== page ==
I don’t think there’s anything particularly wrong with buying stocks like that if you’re looking for 5% to 7% returns over 5-7 years. Those stocks have somewhat higher dividend yields than big cap stocks that pay dividends and yet their balance sheets show they are more overcapitalized and their stock trading histories show they are less volatile than big cap dividend payers like: Kimberly-Clark (KMB) with a 3.5% yield. Their business is not as diversified or predictable as Kimberly-Clark though. We could compare them to utilities. Those two stocks pay dividend a little bit higher than utilities. And utilities have a lot of net debt and no cash. These companies have low debt and high cash for the industries they are in.

So, would I include a dividend yield bucket?

Only if you found enough situations like the two I listed above. And I think asking you to assess individual dividend payers among more obscure stocks would be giving you a demanding task. It’s harder to apply a formulaic approach here. You need to understand the underlying businesses. So, I think it might be more trouble than it’s worth to look for dividend payers.

What about the other buckets?



There were several spin-offs this year including Hamilton Beach (HBB) from NACCO (NC) at the start of this month, (CARS) from TEGNA (the TV side of the old Gannett). I own BWX Technologies (BWXT), because I bought into Babcock & Wilcox pre-spinoff and then I kept the BWXT shares and sold the BW shares.

You can see a list of upcoming spinoffs here.

If you are going with 5 buckets that each have 5 stocks in them, I’d suggest making one of those buckets a spin-off bucket and keeping 5 spun-off stocks in there at all times.

Read and re-read Joel Greenblatt’s “You Can Be a Stock Market Genius”. The case studies from that book are all you need to know about how to invest in spin offs.


Holding Companies Trading at a Discount to NAV

The obvious example here is Pargesa. You can find a detailed description of the company’s net asset value here.

And you can find the stock’s price and net asset value updated here.

Pargesa shares currently trade at about 65% of their net asset value. That kind of discount – 35% – isn’t unusual compared to the trading history of the stock versus its NAV over the last 20 years.

The discount isn’t necessarily fully justified though. Pargesa’s NAV has underperformed its benchmark over the last 2-10 years. But, it’s outperformed over the last 20 years and is beating it this past year too. The stock also pays a dividend.

I wouldn’t put my own money into Pargesa at a discount of 35% to its net asset value. But, I would recommend it as part of a bucket where you have 5 closed end funds / holding companies / etc. trading at discounts to their net asset values. That’s only if you’re also using other, different buckets like spin offs.

Other publicly traded companies that trade sometimes at a discount to the shares they own include Urbana (in Canada), and now Altaba (AABA). Each situation is different. Urbana is partially publicly traded stocks like Pargesa but partially not. And Altaba is non-diversified in the extreme (it’s mostly Alibaba and somewhat Yahoo Japan). Management there has stronger incentives to close the gap between share price and NAV though.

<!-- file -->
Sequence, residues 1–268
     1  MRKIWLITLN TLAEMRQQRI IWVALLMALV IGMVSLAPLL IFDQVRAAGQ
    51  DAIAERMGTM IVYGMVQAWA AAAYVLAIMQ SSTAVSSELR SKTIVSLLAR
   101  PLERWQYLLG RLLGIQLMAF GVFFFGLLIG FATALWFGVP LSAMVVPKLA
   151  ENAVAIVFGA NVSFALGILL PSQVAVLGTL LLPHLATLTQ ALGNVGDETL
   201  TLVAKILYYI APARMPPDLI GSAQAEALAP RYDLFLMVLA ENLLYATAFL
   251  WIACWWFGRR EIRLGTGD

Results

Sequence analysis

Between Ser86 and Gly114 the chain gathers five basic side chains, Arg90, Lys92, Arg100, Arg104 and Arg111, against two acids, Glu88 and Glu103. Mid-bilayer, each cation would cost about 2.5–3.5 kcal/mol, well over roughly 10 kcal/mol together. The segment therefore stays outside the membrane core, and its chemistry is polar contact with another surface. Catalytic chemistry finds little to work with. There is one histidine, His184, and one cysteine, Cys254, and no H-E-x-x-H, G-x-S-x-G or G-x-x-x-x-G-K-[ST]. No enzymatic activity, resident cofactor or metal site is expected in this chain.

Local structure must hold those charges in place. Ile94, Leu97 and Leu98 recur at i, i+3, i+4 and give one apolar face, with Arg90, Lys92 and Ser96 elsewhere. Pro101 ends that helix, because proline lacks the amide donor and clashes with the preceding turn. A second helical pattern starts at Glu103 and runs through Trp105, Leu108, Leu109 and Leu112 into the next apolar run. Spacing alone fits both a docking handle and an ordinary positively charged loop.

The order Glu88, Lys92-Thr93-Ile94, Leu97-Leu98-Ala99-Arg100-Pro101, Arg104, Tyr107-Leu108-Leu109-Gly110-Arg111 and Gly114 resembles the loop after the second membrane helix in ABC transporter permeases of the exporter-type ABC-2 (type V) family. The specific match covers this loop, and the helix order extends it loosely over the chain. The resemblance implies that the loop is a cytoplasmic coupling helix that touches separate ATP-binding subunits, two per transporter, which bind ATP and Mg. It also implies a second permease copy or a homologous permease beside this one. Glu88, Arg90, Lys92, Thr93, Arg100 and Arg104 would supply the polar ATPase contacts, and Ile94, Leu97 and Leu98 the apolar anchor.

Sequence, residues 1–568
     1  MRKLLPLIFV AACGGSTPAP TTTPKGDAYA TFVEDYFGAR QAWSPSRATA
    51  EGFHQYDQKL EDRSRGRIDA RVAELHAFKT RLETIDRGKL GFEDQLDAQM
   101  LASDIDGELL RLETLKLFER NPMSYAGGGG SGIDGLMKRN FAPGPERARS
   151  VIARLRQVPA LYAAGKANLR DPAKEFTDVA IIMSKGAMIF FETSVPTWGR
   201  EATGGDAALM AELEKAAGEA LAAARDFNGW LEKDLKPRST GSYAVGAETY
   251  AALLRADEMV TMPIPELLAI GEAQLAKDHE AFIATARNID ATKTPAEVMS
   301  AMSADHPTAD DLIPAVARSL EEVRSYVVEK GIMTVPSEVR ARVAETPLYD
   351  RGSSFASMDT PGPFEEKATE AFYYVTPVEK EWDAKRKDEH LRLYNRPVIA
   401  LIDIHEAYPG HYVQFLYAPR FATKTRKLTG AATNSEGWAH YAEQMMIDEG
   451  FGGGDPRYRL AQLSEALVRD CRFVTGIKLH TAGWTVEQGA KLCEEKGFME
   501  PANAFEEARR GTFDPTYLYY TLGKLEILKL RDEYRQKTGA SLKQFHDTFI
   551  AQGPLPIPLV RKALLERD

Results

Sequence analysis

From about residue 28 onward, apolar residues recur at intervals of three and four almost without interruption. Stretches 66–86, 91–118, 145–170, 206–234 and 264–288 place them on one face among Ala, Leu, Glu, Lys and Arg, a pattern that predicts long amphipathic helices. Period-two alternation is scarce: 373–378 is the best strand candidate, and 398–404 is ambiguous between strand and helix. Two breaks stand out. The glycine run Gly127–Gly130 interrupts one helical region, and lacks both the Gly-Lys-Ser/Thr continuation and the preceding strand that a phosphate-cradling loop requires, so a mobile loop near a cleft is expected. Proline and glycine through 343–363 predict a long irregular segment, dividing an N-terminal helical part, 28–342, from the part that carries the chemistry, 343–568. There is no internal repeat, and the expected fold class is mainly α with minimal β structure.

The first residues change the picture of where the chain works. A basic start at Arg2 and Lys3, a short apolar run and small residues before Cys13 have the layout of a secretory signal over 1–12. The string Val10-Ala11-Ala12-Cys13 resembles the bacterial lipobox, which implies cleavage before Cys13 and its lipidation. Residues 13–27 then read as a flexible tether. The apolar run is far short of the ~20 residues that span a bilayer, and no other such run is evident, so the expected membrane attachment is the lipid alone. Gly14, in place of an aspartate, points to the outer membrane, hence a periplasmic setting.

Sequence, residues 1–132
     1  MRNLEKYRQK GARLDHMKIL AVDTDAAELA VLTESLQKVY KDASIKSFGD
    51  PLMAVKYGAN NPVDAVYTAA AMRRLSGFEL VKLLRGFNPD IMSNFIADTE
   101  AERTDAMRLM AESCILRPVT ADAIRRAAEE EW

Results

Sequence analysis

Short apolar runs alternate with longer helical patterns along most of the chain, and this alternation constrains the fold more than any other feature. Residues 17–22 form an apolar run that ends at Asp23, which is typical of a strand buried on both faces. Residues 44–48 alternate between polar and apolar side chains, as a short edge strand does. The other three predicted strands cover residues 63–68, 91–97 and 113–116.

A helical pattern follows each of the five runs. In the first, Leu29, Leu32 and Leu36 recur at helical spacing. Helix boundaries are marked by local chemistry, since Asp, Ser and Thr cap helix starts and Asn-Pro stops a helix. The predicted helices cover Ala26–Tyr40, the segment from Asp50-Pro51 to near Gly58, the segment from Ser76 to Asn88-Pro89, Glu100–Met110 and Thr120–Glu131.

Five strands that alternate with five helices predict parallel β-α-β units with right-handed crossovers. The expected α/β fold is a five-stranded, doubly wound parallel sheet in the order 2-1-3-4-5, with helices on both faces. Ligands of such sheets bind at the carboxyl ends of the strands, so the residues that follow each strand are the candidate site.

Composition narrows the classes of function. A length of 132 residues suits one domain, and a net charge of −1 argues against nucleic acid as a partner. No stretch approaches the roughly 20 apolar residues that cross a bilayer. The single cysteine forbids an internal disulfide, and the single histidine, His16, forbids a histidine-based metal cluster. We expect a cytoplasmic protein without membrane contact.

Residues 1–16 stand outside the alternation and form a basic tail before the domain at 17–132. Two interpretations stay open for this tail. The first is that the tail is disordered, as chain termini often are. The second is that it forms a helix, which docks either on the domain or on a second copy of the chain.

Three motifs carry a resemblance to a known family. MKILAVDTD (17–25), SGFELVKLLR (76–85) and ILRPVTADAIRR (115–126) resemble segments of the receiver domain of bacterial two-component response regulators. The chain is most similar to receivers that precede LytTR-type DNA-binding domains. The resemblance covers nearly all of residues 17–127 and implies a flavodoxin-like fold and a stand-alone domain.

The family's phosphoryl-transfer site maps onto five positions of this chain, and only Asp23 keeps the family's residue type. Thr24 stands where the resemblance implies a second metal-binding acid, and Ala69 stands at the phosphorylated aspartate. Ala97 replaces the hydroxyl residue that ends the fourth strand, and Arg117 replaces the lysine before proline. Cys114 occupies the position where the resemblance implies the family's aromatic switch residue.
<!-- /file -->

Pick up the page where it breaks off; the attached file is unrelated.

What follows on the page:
There are tons of closed end funds out there. Many may deserve to trade at a large discount to NAV. I’d consider closed-end country funds more in another basket I’m going to talk about later. If you can find a country with a beat down stock market that has a low Shiller P/E and there’s a closed-end fund there that’s trading at an especially big discount to NAV because the country is so unpopular – that’s just a plus. So, I’d think more of holding companies trading at a discount to NAV for this bucket and then look for closed-end funds more in the low Shiller P/E country bucket I’ll discuss later. But, sometimes there are closed-end funds with discounts that seem large given what they own. You could put one of those in this bucket.

I used the example of Pargesa, because it has a diversified enough portfolio (20% type position sizes) in big, public European companies and it publishes very clear information on what it now owns, where the stock trades, etc. So, it’s the “cleanest” holding company I could come up with as an example.


Trading for Less than the Fair Market Value of their Real Estate

Warren Buffett owns shares of Seritage (SRG) in his personal portfolio. This is the company spun-off from Sears (SHLD) that still has Sears as a tenant (often paying below market rents). If and when Sears enters bankruptcy, there’s concern Seritage will be insolvent (I imagine it will also get sued by Sears’s creditors at that point). Will someone step in offering to recapitalize it and take control? Will someone want to acquire the whole thing? I don’t know. I wouldn’t put my own money in Seritage. But, as part of a bucket of 5 stocks that appear to be trading for less than the property they own/control (have long-term leases on). I think this makes sense.